Person suffering from Obesity

Obesity: we’re coming for you

Information on obesity including prevention and management. Obesity is all over the media, but why? What’s this ‘obesity pandemic’ and why is there such concern? What even is Obesity? Obesity is an excessive accumulation of fat that presents a risk to health… This is measured by the Body Mass Index (BMI), a formula based on your height and weight. You can use a calculator online to work out your BMI. More than 25 suggests you are overweight and more than 30 is an indicator that you are in the obesity category.

Click here for the BMI Calculator

How does this affect me?

Obesity is a global pandemic because our lifestyles have changed, we have less active working habits, tend to engage in less vigorous activities and don’t just eat more, but we eat more of the wrong food too.  Obesity seriously increases your risk of developing many conditions. Some of the main ones are heart disease, stroke, type 2 diabetes, many cancers, arthritis and sleep apnoea.

How can I prevent obesity?

It does seem quite simple and most people already understand the following:

  • Eat fewer calories
  • Exercise more (burn more calories)
  • Live a more active life

That’s great, but is it really that simple?

Well simplifying it makes it sound easy, but with a modern lifestyle it can be extremely difficult for some people to prevent obesity, let alone get rid of the pounds.

There are so many influences hindering you and you’ll see them all around including – from going to work in a car, working at a desk, using your phone to order junk food and a perception that it’s difficult to eat healthy are a few. Perhaps one of the biggest influences are our friends and family – It can be really difficult to address this on your own.

We all come in different shapes and sizes, and genetics has a significant role in determining energy storage, energy use and weight loss which influences your likelihood of becoming obese.

Changing Lifestyles

Think about taking calories from a healthy diet, i.e. eating much more vegetables and fruit, and cutting down on sugary and processed foods such as cakes and biscuits.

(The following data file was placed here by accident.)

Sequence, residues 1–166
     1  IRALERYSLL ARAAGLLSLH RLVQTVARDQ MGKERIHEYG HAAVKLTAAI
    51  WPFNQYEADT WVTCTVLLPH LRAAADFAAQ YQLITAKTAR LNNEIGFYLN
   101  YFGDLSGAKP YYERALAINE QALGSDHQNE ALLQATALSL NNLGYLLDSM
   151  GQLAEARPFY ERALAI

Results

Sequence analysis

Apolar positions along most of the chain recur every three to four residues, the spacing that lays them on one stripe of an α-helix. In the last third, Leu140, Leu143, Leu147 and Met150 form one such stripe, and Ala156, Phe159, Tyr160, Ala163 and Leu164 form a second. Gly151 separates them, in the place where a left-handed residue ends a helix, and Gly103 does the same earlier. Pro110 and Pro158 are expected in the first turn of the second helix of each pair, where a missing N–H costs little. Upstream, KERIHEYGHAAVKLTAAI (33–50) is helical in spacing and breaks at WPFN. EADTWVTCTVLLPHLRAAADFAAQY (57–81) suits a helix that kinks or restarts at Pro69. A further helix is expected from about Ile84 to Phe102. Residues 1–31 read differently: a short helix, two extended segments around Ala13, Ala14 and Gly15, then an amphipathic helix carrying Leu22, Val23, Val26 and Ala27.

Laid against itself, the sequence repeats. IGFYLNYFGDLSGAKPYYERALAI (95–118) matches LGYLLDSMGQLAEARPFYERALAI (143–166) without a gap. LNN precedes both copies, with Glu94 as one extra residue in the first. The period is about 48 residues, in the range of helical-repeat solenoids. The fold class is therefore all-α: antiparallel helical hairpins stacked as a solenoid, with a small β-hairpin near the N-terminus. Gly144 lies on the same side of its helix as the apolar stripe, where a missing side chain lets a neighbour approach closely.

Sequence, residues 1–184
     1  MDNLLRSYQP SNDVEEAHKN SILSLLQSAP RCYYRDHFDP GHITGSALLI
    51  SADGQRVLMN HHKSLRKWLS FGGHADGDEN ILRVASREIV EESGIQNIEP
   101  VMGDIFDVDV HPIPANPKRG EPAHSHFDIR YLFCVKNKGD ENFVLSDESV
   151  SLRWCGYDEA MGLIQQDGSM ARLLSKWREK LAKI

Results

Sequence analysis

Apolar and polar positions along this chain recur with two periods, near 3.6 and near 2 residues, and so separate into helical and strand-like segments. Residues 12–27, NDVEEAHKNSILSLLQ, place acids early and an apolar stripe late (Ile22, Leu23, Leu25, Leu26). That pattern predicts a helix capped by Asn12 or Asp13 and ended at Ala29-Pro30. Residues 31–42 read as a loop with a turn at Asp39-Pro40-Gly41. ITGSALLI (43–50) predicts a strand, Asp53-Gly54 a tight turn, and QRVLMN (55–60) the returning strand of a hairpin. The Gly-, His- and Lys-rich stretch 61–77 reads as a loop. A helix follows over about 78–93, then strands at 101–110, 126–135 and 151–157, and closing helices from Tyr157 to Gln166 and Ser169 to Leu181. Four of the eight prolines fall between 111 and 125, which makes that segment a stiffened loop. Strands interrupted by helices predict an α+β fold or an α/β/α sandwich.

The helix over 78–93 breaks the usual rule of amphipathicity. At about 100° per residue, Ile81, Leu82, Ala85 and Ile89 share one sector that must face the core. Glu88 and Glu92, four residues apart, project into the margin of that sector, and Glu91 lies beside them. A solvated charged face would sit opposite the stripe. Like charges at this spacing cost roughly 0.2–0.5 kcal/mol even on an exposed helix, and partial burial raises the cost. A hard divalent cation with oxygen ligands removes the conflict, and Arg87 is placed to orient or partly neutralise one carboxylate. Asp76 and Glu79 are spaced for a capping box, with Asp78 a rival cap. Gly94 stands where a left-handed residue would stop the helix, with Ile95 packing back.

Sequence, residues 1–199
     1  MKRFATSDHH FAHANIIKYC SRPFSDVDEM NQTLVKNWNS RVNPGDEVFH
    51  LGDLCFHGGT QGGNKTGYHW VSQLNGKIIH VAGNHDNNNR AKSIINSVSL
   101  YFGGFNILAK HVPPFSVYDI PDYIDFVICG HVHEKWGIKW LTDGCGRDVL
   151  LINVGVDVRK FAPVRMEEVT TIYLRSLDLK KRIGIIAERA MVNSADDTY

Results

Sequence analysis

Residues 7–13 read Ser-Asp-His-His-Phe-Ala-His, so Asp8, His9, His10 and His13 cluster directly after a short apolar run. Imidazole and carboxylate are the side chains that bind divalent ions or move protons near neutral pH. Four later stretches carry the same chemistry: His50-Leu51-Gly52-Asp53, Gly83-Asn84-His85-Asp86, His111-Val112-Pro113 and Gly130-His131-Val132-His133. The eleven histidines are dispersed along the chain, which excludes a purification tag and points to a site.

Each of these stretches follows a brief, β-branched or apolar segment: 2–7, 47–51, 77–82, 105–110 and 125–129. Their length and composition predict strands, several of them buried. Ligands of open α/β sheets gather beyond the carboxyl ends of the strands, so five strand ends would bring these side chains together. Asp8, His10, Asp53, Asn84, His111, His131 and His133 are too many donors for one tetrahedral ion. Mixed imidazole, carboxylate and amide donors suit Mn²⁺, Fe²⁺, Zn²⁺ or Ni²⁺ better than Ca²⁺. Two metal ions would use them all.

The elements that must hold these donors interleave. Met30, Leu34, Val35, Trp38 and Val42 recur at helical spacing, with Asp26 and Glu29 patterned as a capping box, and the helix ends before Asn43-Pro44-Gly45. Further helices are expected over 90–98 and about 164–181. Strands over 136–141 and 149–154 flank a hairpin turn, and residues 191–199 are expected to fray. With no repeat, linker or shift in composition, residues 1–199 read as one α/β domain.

Think about your own life – where can you realistically increase your activity in a modern world, and can it be social for you too? For example, engaging in sports or doing classes in the gym. The type of exercise that you do is important, there’s a distinction between movement and exercise.

Movement includes general activities at home and walking, which is unlikely to burn much calories compared to more active exercise that causes you to break out into a sweat.

But realistically. How can I get rid of what I’ve already put on?

You can do this, but long term it’s a lifestyle change, and a lifestyle change is what’s required not just to lose it, but to keep it off. Fasting diets work, but they are also the ones where people put weight back on quickly once the fasting stops. It’s not easy – there wouldn’t be a multi-billion pound industry in weight management if it was.

There are many different diets out there to choose from, each with their own benefits. The NHS weight loss plan is a good place to start.

What medication can help me to lose the weight?

So, you’ve tried diets or ‘diets’ aren’t for you. You’re working on the lifestyle changes (which is vital) but still you’re struggling to lose weight, and you’re thinking, what about medication?

Orlistat (Xenical) can help you lose weight. In simple terms, Orlistat works by stopping fat from being absorbed by the gut. For it to be most effective, you still need to eat a calorie controlled diet and exercise as recommended above. You should aim to lose between 5-10% of your body weight at 3 months. The medication can have some side effects, usually better tolerated the more you change your lifestyle.

We recommend medication only to be used as an adjunct, to making long term changes, and, most people will not need to use medication at all.

Our top 5 take home messages

  1. Obesity is serious, and is associated with lots of increased health risks
  2. A lifestyle change is required with a lower calorie diet and exercise
  3. Gradual weight loss is better as this is more likely to be sustained
  4. Orlistat is a medication that aids weight loss by binding fat, but only if used with lifestyle changes.
  5. Be patient, change will come, and do let us know about your success stories info@thedoctorservice.co.uk

Edited by Dr Kiran Sodha & The Doctor Service

References

  1. Obesity and overweight. 2014; Available at: http://www.who.int/mediacentre/factsheets/fs311/en/.
  2. Ng M, Fleming T, Robinson M, Thomson B, Graetz N, Margono C, et al. Global, regional, and national prevalence of overweight and obesity in children and adults during 1980-2013: a systematic analysis for the Global Burden of Disease Study 2013. Lancet 2014 Aug 30;384(9945):766-781.
  3. Obesity: preventing and managing the global epidemic. Report of a WHO consultation.
  4. http://www.nhs.uk/Livewell/Goodfood/Pages/Healthyeating.aspx
  5. http://www.nhs.uk/Livewell/weight-loss-guide/Pages/losing-weight-getting-started.aspx
  6. https://www.bda.uk.com/
  7. Goldstein DJ. Beneficial health effects of modest weight loss. International Journal of Obesity & Related Metabolic Disorders: Journal of the International Association for the Study of Obesity 1992 Jun;16(6):397-415.
  8. Wing RR. Physical activity in the treatment of the adulthood overweight and obesity: current evidence and research issues. Medicine & Science in Sports & Exercise 1999 Nov;31(11 Suppl):S547-52.
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